Sleep apnea is a sleep disorder characterized by gaps in breathing of shallow or infrequent breathing during sleep. It is known that 45% of women with Sleep apnea have dementia compared with 31% of those who slept normally. Sleep apnea is having difficulties in falling asleep, staying asleep, or getting poor quality sleep. It can be temporary, acute, or chronic. Diagnosing insomnia often relies on subjective data as sleep requirements vary from one person to another. In the same way, the steps to avoid insomnia also vary according to each individual. Here are some general guidelines to help you avoid sleep apnea:
1. Create a restful bedroom environment. Keep your room clean and free from distractions. Get the right bed and mattress that suits you; you should be absolutely comfortable when you sleep. Sleeping in a bed with poor support can cause musculoskeletal problems which can ruin your sleep.
2. Go to bed only when you’re sleepy. Don’t use your bed for working, eating, and watching TV. If you have to read on your bed, read something that won’t over stimulate you.
3. Train your brain to associate your bed with sleep. When you’re having a hard time falling asleep, get out of your bed and do something else in another part of your house. This way, you will only associate your bed with sleep, and not with tossing and turning.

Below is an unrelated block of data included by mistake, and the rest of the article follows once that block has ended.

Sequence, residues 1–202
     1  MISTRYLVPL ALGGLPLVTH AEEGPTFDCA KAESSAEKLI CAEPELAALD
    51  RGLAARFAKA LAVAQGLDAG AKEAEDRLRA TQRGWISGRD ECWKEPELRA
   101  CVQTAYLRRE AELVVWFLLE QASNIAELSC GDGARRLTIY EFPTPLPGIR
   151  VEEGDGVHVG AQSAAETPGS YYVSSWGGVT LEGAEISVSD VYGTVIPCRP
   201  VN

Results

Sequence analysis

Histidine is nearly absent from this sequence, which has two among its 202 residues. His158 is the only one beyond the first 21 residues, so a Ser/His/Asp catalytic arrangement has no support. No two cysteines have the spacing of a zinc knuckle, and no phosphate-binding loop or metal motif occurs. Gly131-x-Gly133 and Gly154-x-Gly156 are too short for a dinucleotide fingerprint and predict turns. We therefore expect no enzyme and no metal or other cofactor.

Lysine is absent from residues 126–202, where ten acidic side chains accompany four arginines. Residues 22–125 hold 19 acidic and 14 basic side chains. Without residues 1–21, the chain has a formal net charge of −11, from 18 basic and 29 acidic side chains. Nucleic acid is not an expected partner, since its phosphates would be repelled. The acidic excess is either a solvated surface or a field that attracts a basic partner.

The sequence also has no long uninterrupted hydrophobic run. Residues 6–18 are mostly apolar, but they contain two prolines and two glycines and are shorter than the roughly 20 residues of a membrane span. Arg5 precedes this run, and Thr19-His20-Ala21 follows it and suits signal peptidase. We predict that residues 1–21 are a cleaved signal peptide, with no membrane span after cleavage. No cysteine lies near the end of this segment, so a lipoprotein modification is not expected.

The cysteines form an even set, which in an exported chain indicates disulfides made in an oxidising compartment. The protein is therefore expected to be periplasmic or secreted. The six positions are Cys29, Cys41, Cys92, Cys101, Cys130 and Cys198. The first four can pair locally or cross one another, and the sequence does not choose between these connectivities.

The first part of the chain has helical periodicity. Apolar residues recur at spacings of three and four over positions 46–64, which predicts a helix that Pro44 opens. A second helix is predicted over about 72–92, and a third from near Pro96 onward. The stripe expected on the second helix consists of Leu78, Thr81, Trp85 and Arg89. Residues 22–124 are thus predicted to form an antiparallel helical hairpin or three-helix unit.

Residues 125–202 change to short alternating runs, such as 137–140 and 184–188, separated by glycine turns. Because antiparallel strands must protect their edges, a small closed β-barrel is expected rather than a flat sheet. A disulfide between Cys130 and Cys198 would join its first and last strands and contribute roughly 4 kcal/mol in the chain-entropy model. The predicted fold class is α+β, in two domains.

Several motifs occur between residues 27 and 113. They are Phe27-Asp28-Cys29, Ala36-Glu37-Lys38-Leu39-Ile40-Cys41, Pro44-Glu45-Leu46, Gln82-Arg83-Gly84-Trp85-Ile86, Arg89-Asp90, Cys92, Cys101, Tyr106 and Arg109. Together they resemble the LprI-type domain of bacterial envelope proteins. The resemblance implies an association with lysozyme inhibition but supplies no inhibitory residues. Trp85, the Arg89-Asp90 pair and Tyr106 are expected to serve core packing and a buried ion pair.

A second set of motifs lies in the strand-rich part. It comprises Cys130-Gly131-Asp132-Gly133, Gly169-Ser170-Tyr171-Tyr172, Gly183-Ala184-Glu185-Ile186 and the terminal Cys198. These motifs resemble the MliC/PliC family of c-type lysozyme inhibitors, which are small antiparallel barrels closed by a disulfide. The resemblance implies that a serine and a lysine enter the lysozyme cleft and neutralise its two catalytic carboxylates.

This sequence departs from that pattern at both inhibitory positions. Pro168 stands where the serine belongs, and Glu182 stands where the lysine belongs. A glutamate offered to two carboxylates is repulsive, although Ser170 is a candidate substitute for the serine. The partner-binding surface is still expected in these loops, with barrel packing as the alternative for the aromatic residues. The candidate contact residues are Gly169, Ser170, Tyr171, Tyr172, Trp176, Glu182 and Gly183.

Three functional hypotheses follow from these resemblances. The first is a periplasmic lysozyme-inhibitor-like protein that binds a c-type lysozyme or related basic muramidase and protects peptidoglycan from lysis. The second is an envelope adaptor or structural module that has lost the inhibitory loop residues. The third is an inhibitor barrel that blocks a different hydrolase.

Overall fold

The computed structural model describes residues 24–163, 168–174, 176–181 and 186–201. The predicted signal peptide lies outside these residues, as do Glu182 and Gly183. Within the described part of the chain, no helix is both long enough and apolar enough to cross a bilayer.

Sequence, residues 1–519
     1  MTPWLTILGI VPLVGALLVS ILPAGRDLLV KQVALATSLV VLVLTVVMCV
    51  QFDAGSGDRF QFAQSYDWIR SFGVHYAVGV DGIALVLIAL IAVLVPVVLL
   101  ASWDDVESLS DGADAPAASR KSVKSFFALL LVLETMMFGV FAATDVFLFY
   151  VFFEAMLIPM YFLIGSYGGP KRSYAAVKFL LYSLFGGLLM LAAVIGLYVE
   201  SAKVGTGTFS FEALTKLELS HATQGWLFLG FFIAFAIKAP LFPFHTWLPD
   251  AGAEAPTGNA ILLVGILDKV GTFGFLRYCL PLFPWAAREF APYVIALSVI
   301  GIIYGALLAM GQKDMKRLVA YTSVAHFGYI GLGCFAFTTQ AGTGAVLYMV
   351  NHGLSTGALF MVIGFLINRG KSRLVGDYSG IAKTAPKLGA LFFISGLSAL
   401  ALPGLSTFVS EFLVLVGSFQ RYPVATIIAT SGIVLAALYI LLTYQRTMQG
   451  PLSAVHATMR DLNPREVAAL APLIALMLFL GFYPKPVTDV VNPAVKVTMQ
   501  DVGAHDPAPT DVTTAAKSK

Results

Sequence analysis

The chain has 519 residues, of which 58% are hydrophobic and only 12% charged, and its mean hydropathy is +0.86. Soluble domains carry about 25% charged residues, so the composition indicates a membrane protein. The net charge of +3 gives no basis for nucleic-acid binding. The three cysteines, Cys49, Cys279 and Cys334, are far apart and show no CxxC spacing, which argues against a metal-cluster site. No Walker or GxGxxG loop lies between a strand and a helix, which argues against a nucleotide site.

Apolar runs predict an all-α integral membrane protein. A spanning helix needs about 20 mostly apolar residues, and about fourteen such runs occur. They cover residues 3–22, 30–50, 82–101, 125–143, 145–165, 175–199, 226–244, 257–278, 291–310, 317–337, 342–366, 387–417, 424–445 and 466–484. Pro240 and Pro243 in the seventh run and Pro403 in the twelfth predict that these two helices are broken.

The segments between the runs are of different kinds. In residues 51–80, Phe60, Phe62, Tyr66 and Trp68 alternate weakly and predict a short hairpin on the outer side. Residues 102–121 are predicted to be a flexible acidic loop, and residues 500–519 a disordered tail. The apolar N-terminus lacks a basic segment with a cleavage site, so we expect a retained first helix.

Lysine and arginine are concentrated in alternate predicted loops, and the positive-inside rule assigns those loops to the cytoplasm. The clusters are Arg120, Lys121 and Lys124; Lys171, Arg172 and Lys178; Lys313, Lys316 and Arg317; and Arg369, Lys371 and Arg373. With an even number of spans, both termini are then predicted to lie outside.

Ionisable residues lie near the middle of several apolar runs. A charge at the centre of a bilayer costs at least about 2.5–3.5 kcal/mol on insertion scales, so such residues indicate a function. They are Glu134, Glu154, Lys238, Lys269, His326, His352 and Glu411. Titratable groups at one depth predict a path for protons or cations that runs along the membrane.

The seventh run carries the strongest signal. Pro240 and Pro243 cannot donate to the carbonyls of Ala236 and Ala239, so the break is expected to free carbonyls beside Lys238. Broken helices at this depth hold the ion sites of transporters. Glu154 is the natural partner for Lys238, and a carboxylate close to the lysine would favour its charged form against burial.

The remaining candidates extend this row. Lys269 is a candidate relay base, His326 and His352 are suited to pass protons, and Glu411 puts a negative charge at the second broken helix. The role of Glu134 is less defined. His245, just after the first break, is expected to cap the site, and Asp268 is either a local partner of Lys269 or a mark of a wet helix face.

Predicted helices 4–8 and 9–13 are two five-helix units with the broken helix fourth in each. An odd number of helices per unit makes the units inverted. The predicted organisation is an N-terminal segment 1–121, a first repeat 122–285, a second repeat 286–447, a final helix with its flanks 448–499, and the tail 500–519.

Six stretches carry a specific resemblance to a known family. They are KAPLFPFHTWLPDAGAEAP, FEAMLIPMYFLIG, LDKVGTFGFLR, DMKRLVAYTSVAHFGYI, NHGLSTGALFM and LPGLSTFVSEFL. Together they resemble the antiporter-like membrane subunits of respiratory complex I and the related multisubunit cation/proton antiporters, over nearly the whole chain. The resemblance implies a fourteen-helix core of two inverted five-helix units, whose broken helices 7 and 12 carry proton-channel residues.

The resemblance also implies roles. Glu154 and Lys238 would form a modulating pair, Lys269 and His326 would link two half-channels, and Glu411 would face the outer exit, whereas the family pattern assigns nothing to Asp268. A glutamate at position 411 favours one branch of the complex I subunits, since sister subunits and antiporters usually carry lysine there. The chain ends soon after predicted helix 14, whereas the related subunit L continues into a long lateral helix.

4. Sleep and wake up on schedule. Your body likes to operate on schedule. Start by getting up at the same time every day, even on weekends. Your body will eventually learn to adjust its internal clock to your sleeping habits to help you sleep and awaken at the proper time.
5. Avoid late afternoon naps. Naps can be great if you take the right amount and you take them at the right time. But if you have insomnia, taking naps can give you a hard time falling asleep at night. You should also do your best to maintain sleeping patterns during the weekend to avoid midweek sleeplessness.